type and shape and *must always* be *fed* when calling `Session.run()`

or
`Tensor.eval()`

. More precisely, when calling one of these functions, you can
supply a `feed_dict`

parameter that is a dictionary mapping any placeholders in
the graph to some values that match their data type and shape. If you do not
pass a value for any of the placeholders, the tensor will produce an error upon
attempted evaluation. Note also that the shape of the value supplied is checked
against the shape specified for the place-holder.

```
x = tf.placeholder(dtype=tf.float32, shape=[2, 2])
y = tf.matmul(x, x)
with tf.Session() as session:
session.run(y) # will fail!
session.run(y, feed_dict={x: [[1, 2], [3, 4]]}) # OK
```

## Operations

Operations tie together computational nodes in the graph. Such an operation can take zero or more tensors as input and produce zero or more tensors as output. The following shows the use of a simple operation:

```
a = tf.Variable(tf.constant(5, shape=[2, 2], dtype=tf.float32))
b = tf.Variable(tf.random_uniform(shape=[2, 2]))
c = a + b
with tf.Session() as session:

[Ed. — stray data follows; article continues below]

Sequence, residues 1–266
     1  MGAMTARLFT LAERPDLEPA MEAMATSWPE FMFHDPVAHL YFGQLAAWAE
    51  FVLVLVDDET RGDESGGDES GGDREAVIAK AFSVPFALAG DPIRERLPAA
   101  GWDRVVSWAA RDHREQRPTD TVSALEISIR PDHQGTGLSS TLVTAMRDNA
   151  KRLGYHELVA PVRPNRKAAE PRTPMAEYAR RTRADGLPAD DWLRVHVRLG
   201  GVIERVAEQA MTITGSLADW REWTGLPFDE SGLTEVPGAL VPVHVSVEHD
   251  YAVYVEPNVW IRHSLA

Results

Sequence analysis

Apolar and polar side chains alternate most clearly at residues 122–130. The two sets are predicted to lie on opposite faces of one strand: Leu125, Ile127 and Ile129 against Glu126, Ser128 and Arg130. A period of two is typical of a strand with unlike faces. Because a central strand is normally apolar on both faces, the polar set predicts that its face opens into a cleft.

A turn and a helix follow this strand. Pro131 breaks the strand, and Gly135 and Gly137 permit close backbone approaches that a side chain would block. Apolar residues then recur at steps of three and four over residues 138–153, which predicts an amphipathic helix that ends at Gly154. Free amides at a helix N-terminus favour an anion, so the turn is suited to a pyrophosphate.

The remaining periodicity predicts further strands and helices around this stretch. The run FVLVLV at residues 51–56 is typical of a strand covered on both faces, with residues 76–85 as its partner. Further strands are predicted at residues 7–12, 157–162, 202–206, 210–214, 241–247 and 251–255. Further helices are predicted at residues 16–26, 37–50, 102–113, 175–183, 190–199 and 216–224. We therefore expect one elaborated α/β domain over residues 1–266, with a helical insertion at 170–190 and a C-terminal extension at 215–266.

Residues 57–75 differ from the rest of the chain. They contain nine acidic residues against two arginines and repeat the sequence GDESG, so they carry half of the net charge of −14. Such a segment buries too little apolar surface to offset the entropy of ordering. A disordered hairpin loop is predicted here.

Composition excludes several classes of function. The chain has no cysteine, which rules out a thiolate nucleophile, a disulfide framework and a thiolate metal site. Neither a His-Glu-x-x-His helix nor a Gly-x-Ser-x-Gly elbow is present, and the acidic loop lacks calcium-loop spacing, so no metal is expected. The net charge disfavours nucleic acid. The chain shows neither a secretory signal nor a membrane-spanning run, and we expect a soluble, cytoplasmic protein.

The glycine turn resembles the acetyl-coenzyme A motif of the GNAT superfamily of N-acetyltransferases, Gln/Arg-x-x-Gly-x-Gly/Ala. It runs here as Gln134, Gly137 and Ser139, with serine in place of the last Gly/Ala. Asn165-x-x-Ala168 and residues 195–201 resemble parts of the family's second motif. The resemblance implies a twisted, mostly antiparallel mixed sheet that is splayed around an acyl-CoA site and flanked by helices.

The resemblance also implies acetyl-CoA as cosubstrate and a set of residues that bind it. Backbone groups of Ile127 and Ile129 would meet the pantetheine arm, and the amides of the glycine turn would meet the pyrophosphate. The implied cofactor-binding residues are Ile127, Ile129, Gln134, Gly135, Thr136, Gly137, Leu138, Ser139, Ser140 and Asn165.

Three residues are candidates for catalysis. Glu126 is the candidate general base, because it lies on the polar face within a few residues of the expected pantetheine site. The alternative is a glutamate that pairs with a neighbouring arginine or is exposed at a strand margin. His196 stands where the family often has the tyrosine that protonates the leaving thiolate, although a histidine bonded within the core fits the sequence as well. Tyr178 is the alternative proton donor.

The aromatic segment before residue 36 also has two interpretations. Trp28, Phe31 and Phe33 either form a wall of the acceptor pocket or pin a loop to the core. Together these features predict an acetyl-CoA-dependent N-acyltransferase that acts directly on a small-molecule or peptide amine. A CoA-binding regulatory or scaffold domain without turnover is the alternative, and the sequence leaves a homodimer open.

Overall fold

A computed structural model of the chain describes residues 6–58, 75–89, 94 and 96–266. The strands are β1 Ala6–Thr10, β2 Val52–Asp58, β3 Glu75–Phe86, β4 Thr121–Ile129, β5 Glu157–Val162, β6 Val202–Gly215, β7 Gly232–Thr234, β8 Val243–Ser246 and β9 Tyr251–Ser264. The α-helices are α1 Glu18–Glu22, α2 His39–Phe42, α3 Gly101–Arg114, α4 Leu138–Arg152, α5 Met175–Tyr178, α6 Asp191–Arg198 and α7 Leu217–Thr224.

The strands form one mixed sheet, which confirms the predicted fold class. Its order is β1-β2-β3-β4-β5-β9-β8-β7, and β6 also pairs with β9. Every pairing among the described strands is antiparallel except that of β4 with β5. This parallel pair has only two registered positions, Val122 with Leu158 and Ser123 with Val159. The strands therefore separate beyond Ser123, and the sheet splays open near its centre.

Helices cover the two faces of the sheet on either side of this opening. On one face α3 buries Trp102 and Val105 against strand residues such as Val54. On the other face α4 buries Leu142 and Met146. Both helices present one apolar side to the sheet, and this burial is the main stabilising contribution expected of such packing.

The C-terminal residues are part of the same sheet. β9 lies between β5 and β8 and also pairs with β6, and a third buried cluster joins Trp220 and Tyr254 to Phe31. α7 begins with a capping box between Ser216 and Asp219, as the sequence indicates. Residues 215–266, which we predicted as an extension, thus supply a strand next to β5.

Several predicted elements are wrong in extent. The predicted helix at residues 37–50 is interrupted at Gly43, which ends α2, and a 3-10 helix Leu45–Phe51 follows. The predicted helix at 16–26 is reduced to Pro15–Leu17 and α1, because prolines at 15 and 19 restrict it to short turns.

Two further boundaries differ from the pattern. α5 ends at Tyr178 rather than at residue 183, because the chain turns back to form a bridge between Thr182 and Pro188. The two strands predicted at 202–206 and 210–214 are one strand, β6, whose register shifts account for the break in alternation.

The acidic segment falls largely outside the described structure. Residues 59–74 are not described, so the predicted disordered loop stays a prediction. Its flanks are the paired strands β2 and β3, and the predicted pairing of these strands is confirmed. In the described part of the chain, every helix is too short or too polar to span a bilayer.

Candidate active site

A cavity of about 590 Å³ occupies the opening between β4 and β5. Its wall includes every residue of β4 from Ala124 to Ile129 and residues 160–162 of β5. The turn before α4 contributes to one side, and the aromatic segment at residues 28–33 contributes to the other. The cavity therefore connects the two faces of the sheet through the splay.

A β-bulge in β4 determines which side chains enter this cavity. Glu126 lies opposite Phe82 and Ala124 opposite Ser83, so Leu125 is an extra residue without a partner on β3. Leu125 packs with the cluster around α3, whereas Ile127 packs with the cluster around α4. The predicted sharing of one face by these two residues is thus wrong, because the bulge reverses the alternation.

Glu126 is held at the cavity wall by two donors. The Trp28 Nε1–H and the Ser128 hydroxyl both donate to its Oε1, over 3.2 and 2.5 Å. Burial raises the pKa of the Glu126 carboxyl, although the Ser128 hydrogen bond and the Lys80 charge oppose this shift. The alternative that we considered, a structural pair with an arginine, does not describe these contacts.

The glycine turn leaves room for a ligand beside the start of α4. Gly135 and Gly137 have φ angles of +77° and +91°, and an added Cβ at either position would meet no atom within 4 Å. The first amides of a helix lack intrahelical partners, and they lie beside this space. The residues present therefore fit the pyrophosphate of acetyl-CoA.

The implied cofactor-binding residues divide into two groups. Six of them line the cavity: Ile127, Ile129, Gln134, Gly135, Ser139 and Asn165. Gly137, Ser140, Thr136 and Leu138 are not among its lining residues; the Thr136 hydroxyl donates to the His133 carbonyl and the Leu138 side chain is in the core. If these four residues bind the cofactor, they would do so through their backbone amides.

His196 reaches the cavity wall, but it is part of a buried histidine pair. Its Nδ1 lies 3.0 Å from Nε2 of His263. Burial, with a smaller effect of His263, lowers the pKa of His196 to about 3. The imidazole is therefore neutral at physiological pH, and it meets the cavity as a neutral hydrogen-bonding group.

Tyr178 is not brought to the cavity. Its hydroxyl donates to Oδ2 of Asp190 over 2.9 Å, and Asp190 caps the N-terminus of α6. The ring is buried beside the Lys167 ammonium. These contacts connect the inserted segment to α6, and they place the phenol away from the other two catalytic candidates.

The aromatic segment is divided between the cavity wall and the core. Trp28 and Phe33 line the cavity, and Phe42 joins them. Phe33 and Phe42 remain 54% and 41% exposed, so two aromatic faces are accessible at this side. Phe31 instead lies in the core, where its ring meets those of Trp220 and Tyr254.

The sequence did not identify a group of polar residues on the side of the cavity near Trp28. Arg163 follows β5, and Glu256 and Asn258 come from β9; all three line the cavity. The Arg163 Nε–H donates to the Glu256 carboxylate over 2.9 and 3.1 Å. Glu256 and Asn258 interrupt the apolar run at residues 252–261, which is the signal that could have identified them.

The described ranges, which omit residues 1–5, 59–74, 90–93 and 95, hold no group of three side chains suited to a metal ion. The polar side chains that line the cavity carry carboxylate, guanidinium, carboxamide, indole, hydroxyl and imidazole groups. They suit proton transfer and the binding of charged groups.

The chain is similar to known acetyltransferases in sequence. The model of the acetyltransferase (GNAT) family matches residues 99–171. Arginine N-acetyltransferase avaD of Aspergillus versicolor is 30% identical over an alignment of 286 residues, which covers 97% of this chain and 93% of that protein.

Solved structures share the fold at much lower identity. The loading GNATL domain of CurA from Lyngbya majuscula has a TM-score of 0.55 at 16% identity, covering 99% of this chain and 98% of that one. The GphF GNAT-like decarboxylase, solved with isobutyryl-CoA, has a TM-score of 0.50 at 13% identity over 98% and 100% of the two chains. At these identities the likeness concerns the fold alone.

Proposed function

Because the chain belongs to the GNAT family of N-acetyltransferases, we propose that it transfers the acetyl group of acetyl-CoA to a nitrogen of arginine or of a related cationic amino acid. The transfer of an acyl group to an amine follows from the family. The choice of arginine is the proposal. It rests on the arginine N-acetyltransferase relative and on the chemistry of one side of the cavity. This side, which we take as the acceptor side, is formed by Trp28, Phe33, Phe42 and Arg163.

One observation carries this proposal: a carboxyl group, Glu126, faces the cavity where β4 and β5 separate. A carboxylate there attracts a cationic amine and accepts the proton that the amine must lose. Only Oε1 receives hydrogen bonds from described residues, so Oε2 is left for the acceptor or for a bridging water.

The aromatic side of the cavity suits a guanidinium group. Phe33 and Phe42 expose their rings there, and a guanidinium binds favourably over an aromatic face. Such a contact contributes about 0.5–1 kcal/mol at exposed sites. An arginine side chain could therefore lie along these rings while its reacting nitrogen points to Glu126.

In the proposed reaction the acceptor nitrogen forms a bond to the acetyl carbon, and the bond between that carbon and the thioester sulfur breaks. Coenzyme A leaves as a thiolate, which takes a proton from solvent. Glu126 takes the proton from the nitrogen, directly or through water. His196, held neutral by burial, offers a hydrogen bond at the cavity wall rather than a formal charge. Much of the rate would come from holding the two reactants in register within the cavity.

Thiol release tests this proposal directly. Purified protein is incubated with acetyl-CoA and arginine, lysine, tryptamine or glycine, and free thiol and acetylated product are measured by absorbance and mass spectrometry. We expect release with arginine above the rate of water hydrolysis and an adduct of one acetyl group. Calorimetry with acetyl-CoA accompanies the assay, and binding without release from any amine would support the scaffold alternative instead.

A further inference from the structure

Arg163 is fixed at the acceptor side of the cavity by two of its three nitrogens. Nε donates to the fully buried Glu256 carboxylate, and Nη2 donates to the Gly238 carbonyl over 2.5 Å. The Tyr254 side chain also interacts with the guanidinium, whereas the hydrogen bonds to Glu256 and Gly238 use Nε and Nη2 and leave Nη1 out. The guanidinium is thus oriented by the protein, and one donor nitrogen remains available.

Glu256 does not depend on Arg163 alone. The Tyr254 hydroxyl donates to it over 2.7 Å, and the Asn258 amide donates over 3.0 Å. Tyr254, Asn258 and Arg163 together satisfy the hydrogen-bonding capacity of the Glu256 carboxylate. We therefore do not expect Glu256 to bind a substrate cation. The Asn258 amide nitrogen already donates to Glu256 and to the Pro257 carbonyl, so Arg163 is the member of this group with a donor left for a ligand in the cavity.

session.run(tf.initialize_all_variables())
print(c.eval())
```

Note that all nodes are really operations. A `constant`

is an operation that
takes no inputs and always produces the same tensor. A `Variable`

is an
operation that returns a handle to a mutable tensor that may be updated by
special `assign`

operations.

## Sessions

In TensorFlow, operations are executed and tensors are evaluated only in a
special environment referred to as a *session*. Inside such a session, resources
such as variables, queues or readers (for reading data from disk) are
allocated. Naturally, these resources must also be freed again later on. For
this reason, there are two parallel APIs for `Session`

objects:

- Create the
`Session`

object manually and`close`

it yourself, - Use a context manager for the entire duration of the session.

In the first case, you have more control over the lifetime of the session. You
can create one with `session = tf.Session(graph=graph)`

, then run operations or
evaluate tensors with `session.run(fetches)`

. At the end, you need to call